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Dr. Joseph Torma

Joseph Torma

Professor of Theology

B.A., Gannon College; M.A., University of Detroit; Ph.D., University of Ottawa

Walsh University
A Catholic University of Distinction
2020 East Maple Street
North Canton, Ohio44720
United States


Dr. Joseph Torma is the second of eleven children (eldest of eight boys) and grew up in very traditional ethnic Catholic family in the diocese of Youngstown. He entered the minor seminary of the Missionaries of the Sacred Heart at age 14 and stayed until after his third year of college. He graduated in 1966 with a degree in philosophy and immediately entered the new Master's program in Theology at the University of Detroit, graduating in 1967. He then taught theology at Creighton University until 1970, whereupon he began his doctoral program at the University of Ottawa in Ontario, Canada. Since he had undergraduate experience at a home for neglected and delinquent youth, graduate experience with inner-city youth, and had organized the Community Service Center at Creighton, he did his dissertation on "The American Catholic Reaction to the Concept 'Social Action' in Vatican II" (a topic so wide-ranging that in addition to a systematic theologian as thesis director, his jury consisted of a church historian, a canon lawyer, a sociologist of religion, and a religious anthropologist). After Ottawa, he worked for the diocese of Rochester, NY, organizing and training parish social action committees. He went from there to St. Bernard's Seminary in Rochester as Field Education Director and Social Ministry Professor and chairman of the Pastoral Studies Division. There he helped to develop the Permanent Diaconate program there for the diocese and was involved with the Rochester Catholic Worker. He came to Walsh after the seminary closed in 1981. He is married with four adult boys and two grandchildren. His wife, who has a B.A. in Theology and an M.A. in Religious Education, just retired as an eighth-grade reading teacher. They met in music ministry at Creighton University and continue with that to this day.


Torma teaches a wide range of courses in Theology at Walsh:, The Church in the Modern World, Christian Moral Life, Christian Spirituality, Social Ministry and many special-topics courses (some relating to our Philosophy-Theology Symposium) such as Theology of the Cooperative Society, Unity within Diversity in the Church, Marxism and Catholicism on Human Work, The Theology of The Grapes of Wrath, Human Rights and Catholic Social Thought, Organizing for Justice, and a capstone course for senior theology majors.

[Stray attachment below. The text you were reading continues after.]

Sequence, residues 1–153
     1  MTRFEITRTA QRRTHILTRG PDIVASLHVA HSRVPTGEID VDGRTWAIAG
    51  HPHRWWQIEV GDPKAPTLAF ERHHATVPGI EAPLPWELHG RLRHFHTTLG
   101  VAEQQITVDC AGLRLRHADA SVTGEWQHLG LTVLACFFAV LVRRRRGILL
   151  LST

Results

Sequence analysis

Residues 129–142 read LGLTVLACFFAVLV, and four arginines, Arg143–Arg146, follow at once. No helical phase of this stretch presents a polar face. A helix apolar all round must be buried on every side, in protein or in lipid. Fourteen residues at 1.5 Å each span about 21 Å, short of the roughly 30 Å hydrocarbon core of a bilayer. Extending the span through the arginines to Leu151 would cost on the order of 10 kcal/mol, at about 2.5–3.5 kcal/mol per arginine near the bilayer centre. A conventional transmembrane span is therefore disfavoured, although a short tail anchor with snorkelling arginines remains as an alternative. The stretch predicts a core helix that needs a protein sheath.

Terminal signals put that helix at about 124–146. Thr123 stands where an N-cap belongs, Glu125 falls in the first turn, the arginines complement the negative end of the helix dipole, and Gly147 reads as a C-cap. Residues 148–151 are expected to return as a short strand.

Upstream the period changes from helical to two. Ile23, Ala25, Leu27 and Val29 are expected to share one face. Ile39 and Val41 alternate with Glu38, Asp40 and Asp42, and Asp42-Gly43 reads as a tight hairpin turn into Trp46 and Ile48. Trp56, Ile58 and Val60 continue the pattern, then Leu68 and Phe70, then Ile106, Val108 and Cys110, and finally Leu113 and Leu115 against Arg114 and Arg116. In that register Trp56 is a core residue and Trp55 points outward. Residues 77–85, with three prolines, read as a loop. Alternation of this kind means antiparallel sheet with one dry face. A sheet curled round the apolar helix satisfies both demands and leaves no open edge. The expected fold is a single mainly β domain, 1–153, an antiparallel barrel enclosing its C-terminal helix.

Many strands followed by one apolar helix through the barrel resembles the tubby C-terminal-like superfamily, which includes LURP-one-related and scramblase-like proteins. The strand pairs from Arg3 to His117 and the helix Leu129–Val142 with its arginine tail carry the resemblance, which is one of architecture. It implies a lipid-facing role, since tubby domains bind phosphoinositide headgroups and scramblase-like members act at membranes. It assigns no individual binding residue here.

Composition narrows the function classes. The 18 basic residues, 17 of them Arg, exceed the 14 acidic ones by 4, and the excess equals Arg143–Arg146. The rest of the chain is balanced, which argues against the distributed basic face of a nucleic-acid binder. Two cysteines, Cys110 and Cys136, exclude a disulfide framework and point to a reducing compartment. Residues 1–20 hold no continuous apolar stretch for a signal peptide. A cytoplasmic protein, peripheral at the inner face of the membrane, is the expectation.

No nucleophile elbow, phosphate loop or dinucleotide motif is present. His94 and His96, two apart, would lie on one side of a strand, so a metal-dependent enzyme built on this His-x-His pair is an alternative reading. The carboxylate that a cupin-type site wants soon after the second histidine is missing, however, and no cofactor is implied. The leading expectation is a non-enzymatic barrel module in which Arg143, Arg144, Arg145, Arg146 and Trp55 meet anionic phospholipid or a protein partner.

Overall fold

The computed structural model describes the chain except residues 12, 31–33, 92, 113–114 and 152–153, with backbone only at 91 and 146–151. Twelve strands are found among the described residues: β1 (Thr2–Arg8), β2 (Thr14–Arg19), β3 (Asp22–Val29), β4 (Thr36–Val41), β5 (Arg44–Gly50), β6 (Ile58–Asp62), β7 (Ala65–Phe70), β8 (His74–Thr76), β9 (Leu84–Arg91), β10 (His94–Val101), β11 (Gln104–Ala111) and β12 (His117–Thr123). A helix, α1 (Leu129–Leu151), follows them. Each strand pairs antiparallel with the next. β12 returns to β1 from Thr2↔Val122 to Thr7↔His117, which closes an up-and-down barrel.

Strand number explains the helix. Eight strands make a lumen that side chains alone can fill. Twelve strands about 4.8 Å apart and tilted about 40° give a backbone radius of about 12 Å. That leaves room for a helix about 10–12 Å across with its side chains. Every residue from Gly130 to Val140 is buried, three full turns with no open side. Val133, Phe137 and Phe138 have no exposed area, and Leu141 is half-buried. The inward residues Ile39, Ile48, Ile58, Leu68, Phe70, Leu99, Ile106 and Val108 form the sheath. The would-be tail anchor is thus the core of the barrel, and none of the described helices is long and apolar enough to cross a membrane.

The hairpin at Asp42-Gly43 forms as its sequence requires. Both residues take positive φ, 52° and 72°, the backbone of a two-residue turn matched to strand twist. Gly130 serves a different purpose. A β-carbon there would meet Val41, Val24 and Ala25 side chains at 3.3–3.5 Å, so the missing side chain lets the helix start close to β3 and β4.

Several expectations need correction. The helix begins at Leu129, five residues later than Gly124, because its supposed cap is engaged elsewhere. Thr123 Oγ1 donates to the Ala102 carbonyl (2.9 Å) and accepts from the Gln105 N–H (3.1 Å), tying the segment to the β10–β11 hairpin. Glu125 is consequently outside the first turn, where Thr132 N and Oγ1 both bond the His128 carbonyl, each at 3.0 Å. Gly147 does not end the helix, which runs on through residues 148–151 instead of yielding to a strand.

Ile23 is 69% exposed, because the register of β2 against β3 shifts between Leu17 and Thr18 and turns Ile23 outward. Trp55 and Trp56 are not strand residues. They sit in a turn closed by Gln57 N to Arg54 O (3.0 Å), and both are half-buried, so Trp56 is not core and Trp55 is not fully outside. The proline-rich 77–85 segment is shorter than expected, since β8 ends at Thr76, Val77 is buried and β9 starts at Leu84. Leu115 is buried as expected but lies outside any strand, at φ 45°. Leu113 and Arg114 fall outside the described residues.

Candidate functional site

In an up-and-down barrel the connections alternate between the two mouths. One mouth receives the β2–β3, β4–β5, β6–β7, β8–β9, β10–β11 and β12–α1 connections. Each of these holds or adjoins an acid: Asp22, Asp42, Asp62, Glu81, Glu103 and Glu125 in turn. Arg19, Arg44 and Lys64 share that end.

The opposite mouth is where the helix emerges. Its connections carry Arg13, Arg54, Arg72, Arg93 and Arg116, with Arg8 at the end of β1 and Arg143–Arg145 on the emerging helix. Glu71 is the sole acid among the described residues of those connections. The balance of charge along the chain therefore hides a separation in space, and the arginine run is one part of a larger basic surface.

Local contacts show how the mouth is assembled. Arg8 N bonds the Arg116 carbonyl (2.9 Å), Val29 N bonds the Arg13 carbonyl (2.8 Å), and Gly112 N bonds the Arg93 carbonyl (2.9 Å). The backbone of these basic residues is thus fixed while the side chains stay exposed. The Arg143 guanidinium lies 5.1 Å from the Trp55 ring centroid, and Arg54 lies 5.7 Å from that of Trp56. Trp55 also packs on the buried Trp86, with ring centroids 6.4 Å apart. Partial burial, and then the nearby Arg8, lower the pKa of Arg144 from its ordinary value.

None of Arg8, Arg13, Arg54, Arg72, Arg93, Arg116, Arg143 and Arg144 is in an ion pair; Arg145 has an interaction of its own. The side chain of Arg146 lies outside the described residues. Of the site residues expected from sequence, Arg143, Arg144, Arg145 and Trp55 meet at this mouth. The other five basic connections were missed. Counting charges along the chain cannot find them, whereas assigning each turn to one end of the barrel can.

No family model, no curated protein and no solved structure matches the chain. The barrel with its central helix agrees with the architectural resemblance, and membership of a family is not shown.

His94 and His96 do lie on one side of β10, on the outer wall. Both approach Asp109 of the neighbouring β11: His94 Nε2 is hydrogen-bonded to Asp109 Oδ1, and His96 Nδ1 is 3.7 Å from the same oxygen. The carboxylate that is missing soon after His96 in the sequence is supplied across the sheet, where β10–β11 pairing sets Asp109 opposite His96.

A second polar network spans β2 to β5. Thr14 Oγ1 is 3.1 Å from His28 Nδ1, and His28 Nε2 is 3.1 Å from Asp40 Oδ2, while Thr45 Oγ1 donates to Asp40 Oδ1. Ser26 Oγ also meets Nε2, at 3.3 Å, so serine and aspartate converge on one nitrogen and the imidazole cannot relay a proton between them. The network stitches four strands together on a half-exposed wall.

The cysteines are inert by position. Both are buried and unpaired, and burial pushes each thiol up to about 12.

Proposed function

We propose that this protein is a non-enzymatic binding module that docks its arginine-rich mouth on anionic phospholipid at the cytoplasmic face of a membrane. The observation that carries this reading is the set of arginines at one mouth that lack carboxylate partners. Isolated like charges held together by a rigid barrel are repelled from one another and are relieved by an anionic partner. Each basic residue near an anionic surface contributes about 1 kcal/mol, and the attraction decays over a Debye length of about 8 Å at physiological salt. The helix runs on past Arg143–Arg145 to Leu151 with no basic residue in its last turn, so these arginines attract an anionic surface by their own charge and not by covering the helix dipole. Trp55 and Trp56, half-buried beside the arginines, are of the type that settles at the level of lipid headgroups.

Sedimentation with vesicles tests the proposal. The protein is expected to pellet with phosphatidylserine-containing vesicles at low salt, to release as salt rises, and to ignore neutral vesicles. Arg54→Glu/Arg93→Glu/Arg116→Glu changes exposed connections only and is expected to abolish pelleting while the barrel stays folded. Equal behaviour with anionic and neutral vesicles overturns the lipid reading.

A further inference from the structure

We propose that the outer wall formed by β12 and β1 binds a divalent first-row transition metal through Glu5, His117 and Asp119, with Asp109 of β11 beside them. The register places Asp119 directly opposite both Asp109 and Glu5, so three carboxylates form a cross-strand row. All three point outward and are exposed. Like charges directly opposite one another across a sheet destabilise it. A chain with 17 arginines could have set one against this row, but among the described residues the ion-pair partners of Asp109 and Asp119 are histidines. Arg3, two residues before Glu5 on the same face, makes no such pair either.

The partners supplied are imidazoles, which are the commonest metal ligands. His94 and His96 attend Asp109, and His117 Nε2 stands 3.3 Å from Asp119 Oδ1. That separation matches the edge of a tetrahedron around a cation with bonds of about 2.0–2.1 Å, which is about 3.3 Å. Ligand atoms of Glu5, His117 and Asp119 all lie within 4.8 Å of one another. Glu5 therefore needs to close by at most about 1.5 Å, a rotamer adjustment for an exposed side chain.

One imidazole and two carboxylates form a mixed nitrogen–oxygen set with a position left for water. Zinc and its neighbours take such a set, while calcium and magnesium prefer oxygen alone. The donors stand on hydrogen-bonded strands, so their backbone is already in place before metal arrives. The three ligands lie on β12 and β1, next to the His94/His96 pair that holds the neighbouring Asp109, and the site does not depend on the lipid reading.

He has written books on organizing parish social action committees and an academic pastoral ministry program, the principles of justice and peace, family as domestic church, and the church. He has also written articles on a variety of topics, many focusing on justice and peace (such as the series for The Peace Voice and the Rochester Catholic Worker) and the social mission of the Church. Finally, he has reviewed various books and has written explanatory pieces for use in the parish. He has made a number of presentations at local and national conferences (Consistent Ethic of Life, Christian Life Communities, National Catholic Education) as well as at many parishes on topics of justice and ministry. He was a featured speaker at a diocesan Ministry Day. Most recently, he presented a paper at Walsh's conference on Reconsidering Vatican II and has been asked to address the National Organization of Catholic Social Action Directors.

Recent and Forthcoming Publications:

  • [forthcoming]—Competition: The Original Sin, and What the Church Can Do About It. Canton: Oliver House.
  • 2003—"Walsh University" in J. A. Hodges et al. (eds). Cradles of Conscience: Ohio's Independent Colleges and Universities. Kent: Kent State University.
  • 1992—First Church: A Practical Theology of Family as the Domestic Church. Youngstown: Diocese of Youngstown.
  • 1990—The Principles of Justice and Peace: An Introduction to Catholic Social Thought. Canton: Walsh College.


Torma has been active in peace and justice and campus ministry. He organized and then directed Walsh's Institute for Justice and Peace for 20 years, initiating the Blouin Peace Park along the way. He also directed Walsh's Pastoral Ministry program. He has served on a large number of Walsh committees, chairing some (including the Faculty Affairs Committee, the Scholarship Committee, the Administrative Council, and the Faculty Assembly). Outside Walsh, he has been a member of numerous committees including the Rochester Center for Theological Studies, the Justice and Peace Committees of the Ohio Council of Churches, and the Association of Catholic Colleges and Universities. He also served on two different Permanent Diaconate Committees, a Campaign for Human Development Allocation Committee, and a Family Perspective Implementation Committee. He served as the evaluator of the theology and pastoral ministry programs at Dominican University. He is now a peer reviewer for the Catholic Journal of Higher Education. In his own parish, he has served on a number of committees, including the parish council and the Liturgy Committee (chair). He is currently helping Bishop John Michael Botean of the Romanian Byzantine Church to organize a Catholic Worker House in Alliance, Ohio, where he lives.

New Book Explores God’s ‘Divine Design’ as an Alternative to a Competitive Society

Dr. Joe Torma
New Book Explores God’s ‘Divine Design’ as an Alternative to a Competitive Society

A recently published book by Walsh Professor of Theology Joseph Torma, Ph.D., has the potential to not only enlighten minds, but also change the way in which our society functions. In fact, its premise could literally change the world.